We have n objects, labeled with k different labels; this includes n1 of the first type, n2 of the second, …, nk of the kth type. The number of ways that our objects can be labeled equals n!/(n1!∙n2!∙...∙nk!). We call this expression the multinomial formula. Note that n1 + n2 + … + nk = n.
Consider a box with two red balls, three green balls, and one white ball. The red balls are marked with the numbers 1 and 2; the green balls with the numbers 3, 4, and 5; and the white ball is marked with the number 6. In how many different ways can the balls be arranged?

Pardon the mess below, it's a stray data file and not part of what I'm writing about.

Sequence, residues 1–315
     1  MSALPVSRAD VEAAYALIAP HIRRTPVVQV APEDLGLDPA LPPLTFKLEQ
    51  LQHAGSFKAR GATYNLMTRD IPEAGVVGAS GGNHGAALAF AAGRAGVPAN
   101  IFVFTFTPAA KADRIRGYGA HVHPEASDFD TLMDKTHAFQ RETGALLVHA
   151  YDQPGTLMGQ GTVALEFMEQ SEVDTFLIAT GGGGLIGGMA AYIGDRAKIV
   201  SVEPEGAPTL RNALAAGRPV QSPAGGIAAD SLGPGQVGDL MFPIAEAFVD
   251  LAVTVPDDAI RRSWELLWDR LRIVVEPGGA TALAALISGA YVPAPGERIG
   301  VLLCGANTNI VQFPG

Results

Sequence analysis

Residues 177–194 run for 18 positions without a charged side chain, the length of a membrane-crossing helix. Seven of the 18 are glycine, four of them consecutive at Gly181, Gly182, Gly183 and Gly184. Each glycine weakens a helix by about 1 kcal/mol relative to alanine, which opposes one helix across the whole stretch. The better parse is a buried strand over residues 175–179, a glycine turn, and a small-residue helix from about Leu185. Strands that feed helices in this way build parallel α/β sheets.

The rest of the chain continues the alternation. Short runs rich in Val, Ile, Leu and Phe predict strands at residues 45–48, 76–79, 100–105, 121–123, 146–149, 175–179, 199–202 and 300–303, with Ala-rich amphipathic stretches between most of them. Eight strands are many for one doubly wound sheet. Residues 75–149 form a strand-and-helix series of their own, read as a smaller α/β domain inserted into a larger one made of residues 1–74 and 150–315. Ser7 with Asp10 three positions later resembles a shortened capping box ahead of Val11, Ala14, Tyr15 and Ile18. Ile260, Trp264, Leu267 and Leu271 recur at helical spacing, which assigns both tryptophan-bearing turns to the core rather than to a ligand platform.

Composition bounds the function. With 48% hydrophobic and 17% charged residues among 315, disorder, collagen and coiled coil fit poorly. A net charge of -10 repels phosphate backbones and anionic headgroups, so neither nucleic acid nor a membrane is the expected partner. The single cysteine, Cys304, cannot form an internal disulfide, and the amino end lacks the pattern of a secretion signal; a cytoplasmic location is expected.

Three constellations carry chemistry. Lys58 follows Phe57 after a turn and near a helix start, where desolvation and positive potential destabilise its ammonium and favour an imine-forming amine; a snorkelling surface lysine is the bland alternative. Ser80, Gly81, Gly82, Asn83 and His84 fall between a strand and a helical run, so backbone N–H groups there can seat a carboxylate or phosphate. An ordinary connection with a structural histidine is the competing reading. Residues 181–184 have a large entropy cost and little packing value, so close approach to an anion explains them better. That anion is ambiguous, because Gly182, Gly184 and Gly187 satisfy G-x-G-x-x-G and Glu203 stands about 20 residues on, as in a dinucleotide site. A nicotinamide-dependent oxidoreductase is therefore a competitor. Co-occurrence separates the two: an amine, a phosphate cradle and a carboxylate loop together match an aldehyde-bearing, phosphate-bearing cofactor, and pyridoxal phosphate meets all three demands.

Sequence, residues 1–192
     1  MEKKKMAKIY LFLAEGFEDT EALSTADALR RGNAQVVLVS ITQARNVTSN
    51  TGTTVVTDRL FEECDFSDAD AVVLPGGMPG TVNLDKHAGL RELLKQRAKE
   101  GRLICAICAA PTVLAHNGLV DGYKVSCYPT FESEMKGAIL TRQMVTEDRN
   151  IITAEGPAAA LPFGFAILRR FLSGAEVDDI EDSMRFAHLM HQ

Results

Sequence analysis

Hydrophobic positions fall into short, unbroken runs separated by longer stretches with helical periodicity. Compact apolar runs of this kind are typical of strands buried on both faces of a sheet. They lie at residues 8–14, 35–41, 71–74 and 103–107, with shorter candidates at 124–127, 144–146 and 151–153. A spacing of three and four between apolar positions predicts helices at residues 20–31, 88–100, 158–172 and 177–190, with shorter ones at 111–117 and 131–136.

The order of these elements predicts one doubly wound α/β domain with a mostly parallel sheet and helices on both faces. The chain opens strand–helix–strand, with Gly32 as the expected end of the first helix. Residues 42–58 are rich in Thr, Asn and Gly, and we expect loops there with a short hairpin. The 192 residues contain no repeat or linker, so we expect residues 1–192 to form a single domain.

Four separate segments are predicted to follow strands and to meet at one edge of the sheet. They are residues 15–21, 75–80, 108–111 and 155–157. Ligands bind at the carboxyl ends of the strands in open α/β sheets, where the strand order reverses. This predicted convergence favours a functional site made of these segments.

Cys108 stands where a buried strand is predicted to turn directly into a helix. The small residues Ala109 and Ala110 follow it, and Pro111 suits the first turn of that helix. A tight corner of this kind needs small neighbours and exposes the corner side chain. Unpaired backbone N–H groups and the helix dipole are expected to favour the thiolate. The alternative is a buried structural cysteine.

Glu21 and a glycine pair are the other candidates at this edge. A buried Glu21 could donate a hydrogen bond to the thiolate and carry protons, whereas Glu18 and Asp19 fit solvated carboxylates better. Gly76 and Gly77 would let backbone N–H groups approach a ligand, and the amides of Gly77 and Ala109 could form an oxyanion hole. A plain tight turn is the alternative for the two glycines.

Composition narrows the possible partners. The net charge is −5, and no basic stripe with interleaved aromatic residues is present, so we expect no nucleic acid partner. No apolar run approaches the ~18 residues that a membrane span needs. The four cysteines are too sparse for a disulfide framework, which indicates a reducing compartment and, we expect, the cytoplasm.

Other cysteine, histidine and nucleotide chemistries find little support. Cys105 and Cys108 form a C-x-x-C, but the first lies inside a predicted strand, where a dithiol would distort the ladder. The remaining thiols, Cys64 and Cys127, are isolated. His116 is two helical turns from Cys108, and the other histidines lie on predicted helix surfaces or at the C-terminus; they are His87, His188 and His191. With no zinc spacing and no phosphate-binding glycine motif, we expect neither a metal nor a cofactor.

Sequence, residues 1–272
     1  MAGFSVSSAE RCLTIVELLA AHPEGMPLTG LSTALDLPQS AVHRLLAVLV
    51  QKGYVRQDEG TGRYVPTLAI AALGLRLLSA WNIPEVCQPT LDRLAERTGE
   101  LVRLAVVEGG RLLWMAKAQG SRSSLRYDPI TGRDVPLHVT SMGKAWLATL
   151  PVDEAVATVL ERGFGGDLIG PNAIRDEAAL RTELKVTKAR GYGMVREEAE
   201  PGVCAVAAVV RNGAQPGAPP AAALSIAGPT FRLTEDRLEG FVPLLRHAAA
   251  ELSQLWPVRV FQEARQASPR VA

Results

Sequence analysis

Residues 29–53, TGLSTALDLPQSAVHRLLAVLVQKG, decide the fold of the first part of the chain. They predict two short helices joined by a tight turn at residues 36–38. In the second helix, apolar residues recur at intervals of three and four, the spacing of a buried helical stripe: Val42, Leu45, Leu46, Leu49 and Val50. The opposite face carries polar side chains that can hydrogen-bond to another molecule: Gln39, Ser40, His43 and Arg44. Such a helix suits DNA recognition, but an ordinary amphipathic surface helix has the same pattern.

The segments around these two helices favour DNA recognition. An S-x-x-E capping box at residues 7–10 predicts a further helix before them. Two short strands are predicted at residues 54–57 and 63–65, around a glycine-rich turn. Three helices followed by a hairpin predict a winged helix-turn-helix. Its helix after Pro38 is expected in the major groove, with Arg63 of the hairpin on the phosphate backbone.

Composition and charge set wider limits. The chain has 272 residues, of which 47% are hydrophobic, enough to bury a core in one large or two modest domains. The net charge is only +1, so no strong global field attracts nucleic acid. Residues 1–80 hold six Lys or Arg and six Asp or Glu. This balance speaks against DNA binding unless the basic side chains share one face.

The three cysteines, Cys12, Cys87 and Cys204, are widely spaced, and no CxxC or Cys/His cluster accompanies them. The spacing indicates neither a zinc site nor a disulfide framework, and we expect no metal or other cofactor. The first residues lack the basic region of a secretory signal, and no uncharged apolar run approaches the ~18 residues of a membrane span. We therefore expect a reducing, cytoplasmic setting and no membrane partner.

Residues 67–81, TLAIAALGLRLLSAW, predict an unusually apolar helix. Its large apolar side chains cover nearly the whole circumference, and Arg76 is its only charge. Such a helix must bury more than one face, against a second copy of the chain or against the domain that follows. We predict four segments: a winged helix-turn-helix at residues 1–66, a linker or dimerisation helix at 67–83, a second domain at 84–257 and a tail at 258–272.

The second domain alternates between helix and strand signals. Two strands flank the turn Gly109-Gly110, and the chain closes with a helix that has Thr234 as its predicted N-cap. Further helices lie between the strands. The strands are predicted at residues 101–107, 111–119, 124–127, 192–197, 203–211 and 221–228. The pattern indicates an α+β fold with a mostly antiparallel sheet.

There are n1 = 2 red balls, n2 = 3 green balls, and n3 = 1 white ball. Altogether we have n = n1 + n2 + n3 = 2 + 3 + 1 = 6 balls. They can be arranged in
n!/(n1!∙n2!∙...∙nk!) = 6!/(2!∙3!∙1!)